From the beginning, research into learning analytics has included frameworks for implementation, such as the generic frameworks by Greller and Drachsler (2012), Khalil and Ebner (2015) and the SHEILA framework (Tsai, et al., 2018). Other frameworks relating to different aspects of learning analytics also exist, including a framework for data protection (Cormack, 2016), an implementation framework with specific focus on student retention (West, et al., 2016a, 2016b), and the PERLA framework which uses learning analytics to personalize learning (Chatti & Muslim, 2019).

In this article, we explore learning analytics through an ecosystemic lens (e.g., Prinsloo, et al., 2020; Tan & Koh, 2017). Understanding learning analytics as a data ecosystem within a larger data ecology where different data interests play out, would have important implications for notions of data stewardship, student privacy, and ethics. We first explore data ecosystems, ecologies and data interests before evidencing (1) the extent to which selected frameworks recognise learning analytics as a data ecosystem with dynamic interdependencies and interrelationships (human and non-human), (2) whether/how these frameworks acknowledge LA as part of a larger data ecology and (3) how they account for different data interests, with a specific focus on student data interests.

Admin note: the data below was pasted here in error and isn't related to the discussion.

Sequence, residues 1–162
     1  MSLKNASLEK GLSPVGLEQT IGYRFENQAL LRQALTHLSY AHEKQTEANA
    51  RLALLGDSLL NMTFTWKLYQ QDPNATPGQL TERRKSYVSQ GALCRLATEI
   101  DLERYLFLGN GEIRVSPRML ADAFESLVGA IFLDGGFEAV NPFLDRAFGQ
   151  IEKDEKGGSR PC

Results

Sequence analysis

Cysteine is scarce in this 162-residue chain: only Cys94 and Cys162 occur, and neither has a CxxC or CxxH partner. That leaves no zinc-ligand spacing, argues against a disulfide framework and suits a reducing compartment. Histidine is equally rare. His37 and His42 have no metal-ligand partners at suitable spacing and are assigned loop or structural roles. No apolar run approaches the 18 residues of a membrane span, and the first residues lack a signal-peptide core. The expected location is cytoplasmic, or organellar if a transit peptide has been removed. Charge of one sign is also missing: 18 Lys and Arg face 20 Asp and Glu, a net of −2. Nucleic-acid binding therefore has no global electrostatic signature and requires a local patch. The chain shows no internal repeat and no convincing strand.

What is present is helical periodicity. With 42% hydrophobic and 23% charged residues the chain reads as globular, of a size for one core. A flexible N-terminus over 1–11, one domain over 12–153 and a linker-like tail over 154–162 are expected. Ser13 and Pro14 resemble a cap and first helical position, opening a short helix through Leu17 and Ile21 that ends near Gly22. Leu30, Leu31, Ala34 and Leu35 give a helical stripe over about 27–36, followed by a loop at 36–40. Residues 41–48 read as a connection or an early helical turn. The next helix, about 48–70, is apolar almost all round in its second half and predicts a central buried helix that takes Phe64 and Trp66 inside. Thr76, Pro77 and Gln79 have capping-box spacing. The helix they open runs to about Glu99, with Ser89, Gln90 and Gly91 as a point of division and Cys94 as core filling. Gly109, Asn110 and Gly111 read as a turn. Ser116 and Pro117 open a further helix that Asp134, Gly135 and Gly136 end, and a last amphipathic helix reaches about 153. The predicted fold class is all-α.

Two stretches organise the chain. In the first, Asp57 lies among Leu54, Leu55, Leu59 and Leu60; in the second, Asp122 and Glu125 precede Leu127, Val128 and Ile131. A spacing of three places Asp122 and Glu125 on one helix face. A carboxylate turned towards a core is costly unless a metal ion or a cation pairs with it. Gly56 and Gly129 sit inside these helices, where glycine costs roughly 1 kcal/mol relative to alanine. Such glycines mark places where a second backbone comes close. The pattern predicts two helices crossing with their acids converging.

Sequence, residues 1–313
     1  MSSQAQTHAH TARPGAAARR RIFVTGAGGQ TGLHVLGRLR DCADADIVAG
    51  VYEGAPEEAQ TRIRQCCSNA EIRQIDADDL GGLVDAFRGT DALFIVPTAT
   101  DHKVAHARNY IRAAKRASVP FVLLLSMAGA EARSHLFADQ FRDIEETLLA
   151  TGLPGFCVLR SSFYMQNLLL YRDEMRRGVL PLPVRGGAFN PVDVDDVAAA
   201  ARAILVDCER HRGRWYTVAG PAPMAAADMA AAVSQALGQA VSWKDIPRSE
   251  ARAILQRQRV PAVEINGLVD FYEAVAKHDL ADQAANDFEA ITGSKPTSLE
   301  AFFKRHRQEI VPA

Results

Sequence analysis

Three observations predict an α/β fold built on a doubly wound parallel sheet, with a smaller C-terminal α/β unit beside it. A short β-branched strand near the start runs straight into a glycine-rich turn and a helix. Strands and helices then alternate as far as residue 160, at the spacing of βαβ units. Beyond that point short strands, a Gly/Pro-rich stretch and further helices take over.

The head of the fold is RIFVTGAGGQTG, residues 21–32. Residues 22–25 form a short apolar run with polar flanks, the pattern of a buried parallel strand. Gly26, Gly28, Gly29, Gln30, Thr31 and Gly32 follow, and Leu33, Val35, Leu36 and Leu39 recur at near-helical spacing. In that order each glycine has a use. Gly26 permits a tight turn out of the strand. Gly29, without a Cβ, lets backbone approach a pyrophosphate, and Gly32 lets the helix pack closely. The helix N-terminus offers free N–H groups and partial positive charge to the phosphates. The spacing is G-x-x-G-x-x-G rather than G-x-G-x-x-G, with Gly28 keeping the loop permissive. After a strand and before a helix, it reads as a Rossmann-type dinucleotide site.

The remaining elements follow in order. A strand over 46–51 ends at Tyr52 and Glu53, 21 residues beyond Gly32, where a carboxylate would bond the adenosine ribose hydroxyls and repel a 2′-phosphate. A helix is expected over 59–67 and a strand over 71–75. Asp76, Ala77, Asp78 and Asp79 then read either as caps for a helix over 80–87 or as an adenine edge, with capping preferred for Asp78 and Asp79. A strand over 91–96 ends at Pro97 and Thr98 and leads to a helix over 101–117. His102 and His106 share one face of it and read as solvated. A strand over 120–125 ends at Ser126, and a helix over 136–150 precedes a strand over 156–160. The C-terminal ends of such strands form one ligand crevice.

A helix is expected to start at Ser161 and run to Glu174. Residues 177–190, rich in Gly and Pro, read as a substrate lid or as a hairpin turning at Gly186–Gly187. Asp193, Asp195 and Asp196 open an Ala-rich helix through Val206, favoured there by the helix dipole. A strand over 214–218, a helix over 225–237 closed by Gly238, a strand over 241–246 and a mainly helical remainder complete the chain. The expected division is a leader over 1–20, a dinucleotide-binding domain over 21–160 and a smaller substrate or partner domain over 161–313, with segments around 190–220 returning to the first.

Ecologies, ecosystems and data interests: an overview

Emerging from a critical analysis of data-driven decision making (DDDM), EDM and LA, Piety (2019) proposes a conceptual model to help understand the impact of various elements (e.g., technical components, infrastructures, institutional capacity, and practices within a policy and systemic context) on uses of data in education. The use of data, and the impact of that use, should be understood in the context of the systemic nature of information, and the many hidden and visible factors within systemic technologies and infrastructures (Piety, 2019).